Through the UNICEF Office of Research–Innocenti’s Fellowship Programme, and with generous funding from the Hewlett Foundation and Sida, the Transfer Project works with a select group of talented young researchers from Africa on joint research on national cash transfer programmes. Fellows collaborate with Transfer Project researchers and country evaluation teams, answering a specific research question around the impacts of cash transfers on health, education, or multidimensional poverty utilizing Transfer Project data.

Each fellow spends 2-3 weeks in one of our offices at Innocenti (Florence), FAO (Rome) or UNC (North Carolina) to work on the proposed research and present their past research. During this time, the fellow has access to senior researchers who work as mentors, guiding the conceptualization, analysis and drafting of the study. The remainder of the year-long fellowships are conducted from their home base. Fellows also have the opportunity to present work at international conferences and at the Transfer Project workshop.

OBJECTIVES

Produce an in-depth study examining the effects of cash transfers on a specified topic. Expand the experience of the fellows and enhance their contributions to policy research using national data from the region.

Current Fellows

Michael Danquah

Michael Danquah

PhD, Economics

Michael Danquah is a Senior Lecturer at the Department of Economics, University of Ghana, Legon. He is also an International Growth Centre (IGC) researcher and has recently been selected as a Visiting Research Fellow at the Centre for the Study of African Economies (CSAE), Department of Economics, University of Oxford. Michael’s research has focused on informality, inequality and poverty reduction, and productivity growth. As part of his Fellowship, Michael is currently working on a paper “Urban cash transfers, universality, and child poverty in Ghana”.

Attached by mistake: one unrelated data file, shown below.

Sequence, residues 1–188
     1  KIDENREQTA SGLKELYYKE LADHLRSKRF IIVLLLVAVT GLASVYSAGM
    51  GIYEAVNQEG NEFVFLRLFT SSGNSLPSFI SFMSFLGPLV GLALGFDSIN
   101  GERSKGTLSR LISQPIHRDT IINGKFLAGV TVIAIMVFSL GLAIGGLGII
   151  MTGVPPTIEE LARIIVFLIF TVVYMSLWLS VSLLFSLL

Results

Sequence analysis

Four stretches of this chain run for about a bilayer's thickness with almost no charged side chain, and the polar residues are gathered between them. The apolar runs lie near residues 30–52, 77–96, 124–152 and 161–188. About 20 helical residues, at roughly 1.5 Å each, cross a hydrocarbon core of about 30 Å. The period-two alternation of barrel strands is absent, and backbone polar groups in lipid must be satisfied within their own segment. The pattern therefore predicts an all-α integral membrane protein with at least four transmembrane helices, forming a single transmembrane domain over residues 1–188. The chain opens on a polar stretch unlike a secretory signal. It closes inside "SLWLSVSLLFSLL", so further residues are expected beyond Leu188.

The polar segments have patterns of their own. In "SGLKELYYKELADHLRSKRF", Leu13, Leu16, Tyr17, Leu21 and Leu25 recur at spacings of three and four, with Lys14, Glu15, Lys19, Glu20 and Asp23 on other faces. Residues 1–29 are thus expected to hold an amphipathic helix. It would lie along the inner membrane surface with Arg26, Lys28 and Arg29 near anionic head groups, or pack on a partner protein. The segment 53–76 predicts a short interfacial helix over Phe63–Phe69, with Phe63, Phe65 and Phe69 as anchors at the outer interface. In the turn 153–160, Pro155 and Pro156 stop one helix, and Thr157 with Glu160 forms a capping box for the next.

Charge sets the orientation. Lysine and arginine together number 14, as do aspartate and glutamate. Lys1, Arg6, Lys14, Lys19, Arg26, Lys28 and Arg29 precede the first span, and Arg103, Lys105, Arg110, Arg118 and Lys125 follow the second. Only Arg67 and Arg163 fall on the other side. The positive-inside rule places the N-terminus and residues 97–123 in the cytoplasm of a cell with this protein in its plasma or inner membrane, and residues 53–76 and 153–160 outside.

Mphatso Kamndaya

Mphatso Kamndaya

PhD, Public Health

Mphatso Kamndaya is a Senior Lecturer at University of Malawi–The Polytechnic. Mphatso conducts international empirical research in social science and urban health. He has published on adolescent sexual reproductive health in sub-Saharan Africa, including structural drivers of HIV/AIDS among young people. He has training in applied statistics and mathematics and conducts both quantitative and qualitative research.

Previous Fellows

Fidelia Dake

Fidelia Dake

phD, Population studies

Fidelia Dake is a lecturer at the Regional Institute for Population Studies, University of Ghana. Fidelia’s research interests include population health, nutritional outcomes, socio-environmental determinants of obesity and non-communicable diseases, ageing, social protection and health statistics. During her fellowship, Fidelia examined the impact of unconditional cash transfers on early pregnancy and child marriage among young adults in Zambia and Malawi.

Ramaele Moshoeshoe

Ramaele Moshoeshoe

PhD, Economics

Ramaele Moshoeshoe is a lecturer of Economics at the National University of Lesotho. His research interests are in applied development economics, with a focus on labour economics and economics of education. During his fellowship, he examined the effects of unconditional cash transfers on schooling. He is currently examining the long-term effects of free primary education on student achievement in Lesotho.

Jacob Novignon

Jacob Novignon

phD, economics

Jacob is a lecturer at the Department of Economics, Kwame Nkrumah University of Science and Technology, Ghana. Research interests include health financing, efficiency of health systems, poverty and vulnerability analysis. Current research activities include understanding financial incentives for socioeconomic related inequalities in healthcare utilization in Ghana, and youth unemployment in Africa. During his fellowship, Jacob evaluated the impact of unconditional cash transfers on morbidity and health-seeking behavior in Africa.

Idrissa Ouili

Idrissa Ouili

phD, economics

Idrissa is an assistant professor at the High Institute for Population Sciences at the University of Ouagadougou, Burkina Faso. Research interests include multidimensional poverty analysis, impact evaluation methodology, education and health. During his fellowship, Idrissa worked on the impact of cash transfers and child multidimensional poverty in Malawi. Current research includes socioeconomic determinants of Child Multidimensional Poverty in Burkina Faso.